Chapter 7. Lexical Scanning

Table of Contents

7.1. Lexical Scanning
7.2. State Machines and Alternatives
7.3. Some Experiments In Scanning
7.4. White Space
7.5. State Machines
7.6. Newlines
7.7. Operators
7.8. Lists, Commas And Command Lines
7.9. Getting Fancy
7.10. Returning A Character
7.11. Distributed vs Centralized Scanners
7.12. Merging Scanner And Parser
7.13. Conclusion

Installment published 7 November 1988.

In the last chapter , I left you with a compiler that would almost work, except that we were still limited to single-character tokens. The purpose of this session is to get rid of that restriction, once and for all. This means that we must deal with the concept of the lexical scanner.

Maybe I should mention why we need a lexical scanner at all … after all, we've been able to manage all right without one, up till now, even when we provided for multi-character tokens.

The only reason, really, has to do with keywords. It's a fact of computer life that the syntax for a keyword has the same form as that for any other identifier. We can't tell until we get the complete word whether or not it is a keyword. For example, the variable IFILE and the keyword IF look just alike, until you get to the third character. In the examples to date, we were always able to make a decision based upon the first character of the token, but that's no longer possible when keywords are present. We need to know that a given string is a keyword before we begin to process it. And that's why we need a scanner.

In the last session, I also promised that we would be able to provide for normal tokens without making wholesale changes to what we have already done. I didn't lie … we can, as you will see later. But every time I set out to install these elements of the software into the parser we have already built, I had bad feelings about it. The whole thing felt entirely too much like a band-aid. I finally figured out what was causing the problem: I was installing lexical scanning software without first explaining to you what scanning is all about, and what the alternatives are. Up till now, I have studiously avoided giving you a lot of theory, and certainly not alternatives. I generally don't respond well to the textbooks that give you twenty-five different ways to do something, but no clue as to which way best fits your needs. I've tried to avoid that pitfall by just showing you one method, that works.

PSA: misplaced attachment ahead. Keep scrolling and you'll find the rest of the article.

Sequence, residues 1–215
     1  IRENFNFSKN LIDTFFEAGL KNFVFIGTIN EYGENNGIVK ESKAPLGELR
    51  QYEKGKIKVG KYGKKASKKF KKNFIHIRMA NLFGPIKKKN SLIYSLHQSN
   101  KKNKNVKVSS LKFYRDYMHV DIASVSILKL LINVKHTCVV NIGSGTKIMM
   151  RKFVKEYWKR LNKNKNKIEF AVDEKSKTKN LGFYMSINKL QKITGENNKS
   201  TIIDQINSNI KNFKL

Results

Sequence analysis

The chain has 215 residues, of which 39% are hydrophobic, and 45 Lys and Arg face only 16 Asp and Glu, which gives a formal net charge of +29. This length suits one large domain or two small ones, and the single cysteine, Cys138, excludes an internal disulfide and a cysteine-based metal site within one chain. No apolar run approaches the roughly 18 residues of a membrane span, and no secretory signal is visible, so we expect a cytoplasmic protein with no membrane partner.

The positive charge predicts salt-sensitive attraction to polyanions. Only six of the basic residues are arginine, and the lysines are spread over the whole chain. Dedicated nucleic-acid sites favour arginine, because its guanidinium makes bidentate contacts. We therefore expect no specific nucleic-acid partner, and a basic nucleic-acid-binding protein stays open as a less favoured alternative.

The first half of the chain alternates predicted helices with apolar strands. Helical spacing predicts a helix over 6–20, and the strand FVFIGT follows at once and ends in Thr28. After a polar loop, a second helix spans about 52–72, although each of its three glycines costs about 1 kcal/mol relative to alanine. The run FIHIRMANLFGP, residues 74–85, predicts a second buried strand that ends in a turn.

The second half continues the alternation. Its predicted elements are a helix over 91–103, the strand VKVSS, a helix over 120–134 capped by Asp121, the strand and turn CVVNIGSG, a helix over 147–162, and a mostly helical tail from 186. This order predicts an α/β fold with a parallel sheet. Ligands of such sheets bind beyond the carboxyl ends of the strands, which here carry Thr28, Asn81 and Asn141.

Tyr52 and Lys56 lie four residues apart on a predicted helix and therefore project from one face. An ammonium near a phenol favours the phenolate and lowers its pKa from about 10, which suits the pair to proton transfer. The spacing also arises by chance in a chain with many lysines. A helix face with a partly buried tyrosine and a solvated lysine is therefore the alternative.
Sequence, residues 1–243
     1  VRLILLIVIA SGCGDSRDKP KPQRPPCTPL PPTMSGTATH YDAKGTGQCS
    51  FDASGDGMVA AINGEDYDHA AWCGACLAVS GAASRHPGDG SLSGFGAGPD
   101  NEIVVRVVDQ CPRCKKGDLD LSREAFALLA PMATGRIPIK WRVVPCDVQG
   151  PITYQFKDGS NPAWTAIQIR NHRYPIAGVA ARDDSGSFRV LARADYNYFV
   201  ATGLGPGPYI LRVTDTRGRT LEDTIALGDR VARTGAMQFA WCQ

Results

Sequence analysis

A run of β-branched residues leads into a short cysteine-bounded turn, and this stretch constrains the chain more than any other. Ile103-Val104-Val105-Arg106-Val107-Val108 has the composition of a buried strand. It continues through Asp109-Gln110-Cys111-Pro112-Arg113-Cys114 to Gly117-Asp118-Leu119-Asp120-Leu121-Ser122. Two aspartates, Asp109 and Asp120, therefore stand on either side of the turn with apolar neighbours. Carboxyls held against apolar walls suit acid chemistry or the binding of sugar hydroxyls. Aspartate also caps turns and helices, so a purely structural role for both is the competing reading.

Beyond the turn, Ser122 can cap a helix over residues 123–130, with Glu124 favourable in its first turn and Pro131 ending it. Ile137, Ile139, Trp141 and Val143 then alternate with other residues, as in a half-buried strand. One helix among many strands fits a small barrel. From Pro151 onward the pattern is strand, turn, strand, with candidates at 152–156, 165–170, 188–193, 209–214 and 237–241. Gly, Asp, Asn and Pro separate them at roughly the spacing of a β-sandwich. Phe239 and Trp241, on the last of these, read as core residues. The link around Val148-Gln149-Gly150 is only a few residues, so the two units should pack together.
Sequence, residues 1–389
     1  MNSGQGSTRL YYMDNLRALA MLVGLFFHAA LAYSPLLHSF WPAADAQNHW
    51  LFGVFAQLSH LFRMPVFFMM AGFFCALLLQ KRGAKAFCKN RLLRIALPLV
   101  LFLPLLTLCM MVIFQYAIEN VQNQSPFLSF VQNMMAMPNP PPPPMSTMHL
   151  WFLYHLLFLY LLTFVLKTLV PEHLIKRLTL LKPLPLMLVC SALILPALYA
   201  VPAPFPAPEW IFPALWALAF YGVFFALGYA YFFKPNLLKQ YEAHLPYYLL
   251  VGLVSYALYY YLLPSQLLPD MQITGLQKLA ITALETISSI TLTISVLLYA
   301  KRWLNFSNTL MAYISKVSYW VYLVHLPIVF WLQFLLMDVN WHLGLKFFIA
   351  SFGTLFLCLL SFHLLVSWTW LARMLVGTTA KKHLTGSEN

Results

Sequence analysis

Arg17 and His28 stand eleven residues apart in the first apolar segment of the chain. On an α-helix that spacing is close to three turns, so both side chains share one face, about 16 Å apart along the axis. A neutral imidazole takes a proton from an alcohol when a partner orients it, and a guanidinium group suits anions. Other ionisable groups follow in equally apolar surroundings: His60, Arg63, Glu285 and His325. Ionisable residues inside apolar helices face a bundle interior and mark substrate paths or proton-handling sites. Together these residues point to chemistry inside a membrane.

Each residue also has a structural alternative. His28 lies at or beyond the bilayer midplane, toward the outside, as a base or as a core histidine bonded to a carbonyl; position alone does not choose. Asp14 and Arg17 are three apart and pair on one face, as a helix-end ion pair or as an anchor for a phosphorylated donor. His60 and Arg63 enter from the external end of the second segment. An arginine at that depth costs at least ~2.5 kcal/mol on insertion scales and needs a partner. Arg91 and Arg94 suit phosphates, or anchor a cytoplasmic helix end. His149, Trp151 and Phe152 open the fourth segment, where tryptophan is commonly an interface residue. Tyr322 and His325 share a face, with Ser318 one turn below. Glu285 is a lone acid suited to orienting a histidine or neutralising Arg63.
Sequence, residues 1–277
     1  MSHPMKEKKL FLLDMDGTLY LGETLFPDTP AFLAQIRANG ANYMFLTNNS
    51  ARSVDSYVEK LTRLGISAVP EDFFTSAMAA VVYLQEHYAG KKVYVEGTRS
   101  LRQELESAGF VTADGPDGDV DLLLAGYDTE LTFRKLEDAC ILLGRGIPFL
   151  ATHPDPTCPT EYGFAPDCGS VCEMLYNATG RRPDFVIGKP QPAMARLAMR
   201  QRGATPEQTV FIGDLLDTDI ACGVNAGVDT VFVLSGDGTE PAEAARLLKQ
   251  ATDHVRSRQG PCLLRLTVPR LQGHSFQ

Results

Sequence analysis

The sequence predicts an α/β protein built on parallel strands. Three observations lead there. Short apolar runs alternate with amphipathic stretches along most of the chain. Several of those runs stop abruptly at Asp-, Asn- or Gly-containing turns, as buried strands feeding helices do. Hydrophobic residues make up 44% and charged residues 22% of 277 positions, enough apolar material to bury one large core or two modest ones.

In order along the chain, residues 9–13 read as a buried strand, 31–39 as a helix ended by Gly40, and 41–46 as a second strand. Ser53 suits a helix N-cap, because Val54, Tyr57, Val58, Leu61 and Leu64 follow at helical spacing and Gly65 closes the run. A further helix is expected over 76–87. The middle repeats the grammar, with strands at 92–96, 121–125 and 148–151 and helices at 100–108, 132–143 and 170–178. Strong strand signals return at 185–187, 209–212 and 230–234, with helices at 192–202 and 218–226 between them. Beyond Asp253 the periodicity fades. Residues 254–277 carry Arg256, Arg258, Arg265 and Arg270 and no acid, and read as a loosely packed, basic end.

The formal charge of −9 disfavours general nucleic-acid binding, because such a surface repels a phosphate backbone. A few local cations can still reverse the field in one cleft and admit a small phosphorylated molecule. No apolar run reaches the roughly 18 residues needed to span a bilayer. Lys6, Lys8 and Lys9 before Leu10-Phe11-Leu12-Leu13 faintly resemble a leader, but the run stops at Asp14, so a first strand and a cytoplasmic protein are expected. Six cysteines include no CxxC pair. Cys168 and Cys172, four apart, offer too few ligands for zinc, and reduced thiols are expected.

But this is an important area. While the lexical scanner is hardly the most exciting part of a compiler, it often has the most profound effect on the general “look & feel” of the language, since after all it's the part closest to the user. I have a particular structure in mind for the scanner to be used with KISS. It fits the look & feel that I want for that language. But it may not work at all for the language you're cooking up, so in this one case I feel that it's important for you to know your options.

So I'm going to depart, again, from my usual format. In this session we'll be getting much deeper than usual into the basic theory of languages and grammars. I'll also be talking about areas other than compilers in which lexical scanning plays an important role. Finally, I will show you some alternatives for the structure of the lexical scanner. Then, and only then, will we get back to our parser from the last installment. Bear with me … I think you'll find it's worth the wait. In fact, since scanners have many applications outside of compilers, you may well find this to be the most useful session for you.